I found it on Craigslist. A 1973 Fender Deluxe Reverb, all original and in good condition. I emailed, said I was interested, asked a couple of questions that showed I was a serious buyer. We talked on the phone and I arranged to drive over to Connecticut to take a look at it.
Amplifiers are a gamble - at least they are for me. Some guitar players plug into anything and as long as it’s distorted they’re perfectly happy. I’ve never been like that. If I have to I’ll work with whatever amplifier I’m given but I prefer to use my own. The sound has to be fairly clean, I need to be able to turn the amp up without it breaking up into a fuzzy mush. I need volume, displacement and definition.
Amy says I’ve been chasing the sound ever since she’s known me. She’s right. Imagine a cello without a body, just a neck that went all the way down to the tail piece - you wouldn’t be able to hear it. The body is the amplification. Without it you might say that the instrument was incomplete. Now take an electric guitar - without the amplifier it’s barely audible, so the way I see it the amplifier is an important part of the instrument.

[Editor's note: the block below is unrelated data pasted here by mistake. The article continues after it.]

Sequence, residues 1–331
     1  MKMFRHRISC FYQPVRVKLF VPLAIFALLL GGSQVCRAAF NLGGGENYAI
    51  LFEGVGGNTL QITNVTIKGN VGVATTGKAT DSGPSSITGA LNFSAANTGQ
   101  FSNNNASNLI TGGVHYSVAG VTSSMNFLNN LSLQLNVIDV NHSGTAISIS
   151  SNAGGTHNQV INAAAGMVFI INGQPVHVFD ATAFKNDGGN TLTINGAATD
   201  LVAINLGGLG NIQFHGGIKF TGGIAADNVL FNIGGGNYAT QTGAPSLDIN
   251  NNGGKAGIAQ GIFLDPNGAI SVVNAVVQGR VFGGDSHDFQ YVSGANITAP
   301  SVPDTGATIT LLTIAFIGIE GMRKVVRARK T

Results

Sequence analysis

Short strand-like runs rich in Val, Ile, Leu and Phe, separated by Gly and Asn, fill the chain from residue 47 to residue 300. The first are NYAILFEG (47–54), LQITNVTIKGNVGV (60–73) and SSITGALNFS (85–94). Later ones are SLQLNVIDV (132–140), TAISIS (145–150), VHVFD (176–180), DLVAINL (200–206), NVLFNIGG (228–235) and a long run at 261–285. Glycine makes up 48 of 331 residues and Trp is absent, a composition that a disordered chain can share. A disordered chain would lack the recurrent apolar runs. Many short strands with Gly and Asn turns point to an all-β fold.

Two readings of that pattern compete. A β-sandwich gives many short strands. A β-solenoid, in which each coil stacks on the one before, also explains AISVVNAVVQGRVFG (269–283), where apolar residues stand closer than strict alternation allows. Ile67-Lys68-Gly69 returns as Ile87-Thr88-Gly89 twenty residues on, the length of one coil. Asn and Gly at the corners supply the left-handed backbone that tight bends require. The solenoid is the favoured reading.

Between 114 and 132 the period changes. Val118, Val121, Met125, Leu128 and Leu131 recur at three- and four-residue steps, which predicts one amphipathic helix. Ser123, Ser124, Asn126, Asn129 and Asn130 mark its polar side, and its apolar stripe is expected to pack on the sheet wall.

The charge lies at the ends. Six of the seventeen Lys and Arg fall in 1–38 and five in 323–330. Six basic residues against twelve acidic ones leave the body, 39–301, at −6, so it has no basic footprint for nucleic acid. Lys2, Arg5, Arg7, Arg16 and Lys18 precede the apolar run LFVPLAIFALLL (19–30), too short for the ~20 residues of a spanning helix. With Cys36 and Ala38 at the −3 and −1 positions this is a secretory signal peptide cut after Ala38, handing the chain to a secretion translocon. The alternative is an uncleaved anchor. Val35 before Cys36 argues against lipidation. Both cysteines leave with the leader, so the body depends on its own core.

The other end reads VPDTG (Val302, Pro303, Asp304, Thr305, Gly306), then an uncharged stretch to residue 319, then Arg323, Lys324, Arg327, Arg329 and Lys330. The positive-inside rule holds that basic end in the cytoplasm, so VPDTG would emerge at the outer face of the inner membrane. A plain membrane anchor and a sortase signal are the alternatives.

I drove through torrential rain, mostly in the dark. The house was a bungalow. A large middle-aged man answered the door and showed me into a living room. Blue grey carpet, four seater settee, grubby white vinyl armchair, pick-up winding machine and bobins of thin copper wire on the floor, Fender Deluxe Reverb where the coffee table might usually be. This man lived alone.
I plugged my guitar into it and it sounded ok - it would obviously need some work but the price was very reasonable and I figured that even if it wasn’t right for me I’d definitely get my money back so we struck up a deal and I drove back to Catskill through more rain, the proud owner of a ’73 Deluxe.